In a notice on its website, Uber attributed its hiring freeze to new regulations by the Taxi and Limousine Commission (TLC), the governing body that regulates rideshare and taxi industry in New York City. As a result of the new TLC regulations passed in December 2018, rideshare companies in NYC are now penalized for running more cars on the street than the existing demand. The rules now require that Uber and Lyft drivers earn at least $17.22 an hour after expenses. If there are too many drivers on the road and not enough passengers, drivers can easily earn far less than that.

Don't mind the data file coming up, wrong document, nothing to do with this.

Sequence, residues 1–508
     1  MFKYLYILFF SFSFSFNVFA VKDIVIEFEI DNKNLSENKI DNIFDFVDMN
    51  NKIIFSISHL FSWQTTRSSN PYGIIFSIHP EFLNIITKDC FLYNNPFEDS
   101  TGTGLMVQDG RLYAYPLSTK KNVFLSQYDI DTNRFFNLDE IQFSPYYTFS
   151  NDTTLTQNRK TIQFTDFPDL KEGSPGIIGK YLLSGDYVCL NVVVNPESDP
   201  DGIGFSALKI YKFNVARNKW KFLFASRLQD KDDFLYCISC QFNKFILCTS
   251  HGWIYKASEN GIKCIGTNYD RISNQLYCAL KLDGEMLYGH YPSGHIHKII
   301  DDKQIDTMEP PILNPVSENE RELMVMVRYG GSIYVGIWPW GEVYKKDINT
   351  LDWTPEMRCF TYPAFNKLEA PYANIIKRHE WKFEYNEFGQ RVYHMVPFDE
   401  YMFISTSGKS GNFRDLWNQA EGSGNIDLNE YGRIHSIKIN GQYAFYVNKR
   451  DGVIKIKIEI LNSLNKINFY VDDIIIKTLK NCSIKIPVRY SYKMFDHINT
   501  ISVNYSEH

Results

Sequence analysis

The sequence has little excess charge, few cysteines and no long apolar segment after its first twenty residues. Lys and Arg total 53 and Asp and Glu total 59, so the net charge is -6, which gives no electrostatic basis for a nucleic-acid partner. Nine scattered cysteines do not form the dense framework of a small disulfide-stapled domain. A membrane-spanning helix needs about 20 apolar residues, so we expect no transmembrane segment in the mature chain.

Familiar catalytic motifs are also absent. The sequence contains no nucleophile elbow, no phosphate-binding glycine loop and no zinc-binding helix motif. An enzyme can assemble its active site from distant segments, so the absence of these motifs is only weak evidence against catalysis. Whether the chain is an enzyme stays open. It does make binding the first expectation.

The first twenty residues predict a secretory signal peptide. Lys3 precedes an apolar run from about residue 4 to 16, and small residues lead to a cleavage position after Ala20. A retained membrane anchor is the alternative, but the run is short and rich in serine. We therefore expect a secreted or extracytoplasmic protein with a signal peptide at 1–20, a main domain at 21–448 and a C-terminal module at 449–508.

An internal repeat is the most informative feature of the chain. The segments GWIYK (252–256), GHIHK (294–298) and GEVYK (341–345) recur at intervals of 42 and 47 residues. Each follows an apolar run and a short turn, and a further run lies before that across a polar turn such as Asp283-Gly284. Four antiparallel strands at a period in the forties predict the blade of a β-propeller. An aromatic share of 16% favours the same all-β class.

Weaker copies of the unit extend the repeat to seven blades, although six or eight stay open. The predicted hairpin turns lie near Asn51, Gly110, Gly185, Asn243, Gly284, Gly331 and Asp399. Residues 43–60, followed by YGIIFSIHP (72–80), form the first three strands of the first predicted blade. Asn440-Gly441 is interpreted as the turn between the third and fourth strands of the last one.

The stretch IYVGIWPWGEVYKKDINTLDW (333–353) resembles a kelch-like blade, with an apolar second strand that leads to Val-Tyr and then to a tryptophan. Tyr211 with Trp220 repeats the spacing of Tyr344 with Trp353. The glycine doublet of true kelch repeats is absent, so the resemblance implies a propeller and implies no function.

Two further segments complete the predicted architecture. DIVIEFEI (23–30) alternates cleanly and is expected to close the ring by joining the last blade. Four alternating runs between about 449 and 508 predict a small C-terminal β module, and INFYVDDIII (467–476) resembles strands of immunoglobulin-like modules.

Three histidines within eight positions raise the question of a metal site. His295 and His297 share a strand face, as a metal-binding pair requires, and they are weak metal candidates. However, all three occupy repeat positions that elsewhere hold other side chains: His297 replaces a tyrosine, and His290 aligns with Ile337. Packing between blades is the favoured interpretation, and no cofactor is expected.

The wage rules come several months after New York City passed a law that capped the number of new vehicles that ride-hailing companies were allowed on the road. Back in January, both Uber and Lyft sued the city for the new regulations. The hiring freeze won't be permanent in NYC; both Lyft and Uber plan on hiring again once their driver supply dips too low. Given that 11 percent of new Uber drivers quit in a month and nearly half quit within a year, hiring may pick up again sooner than later.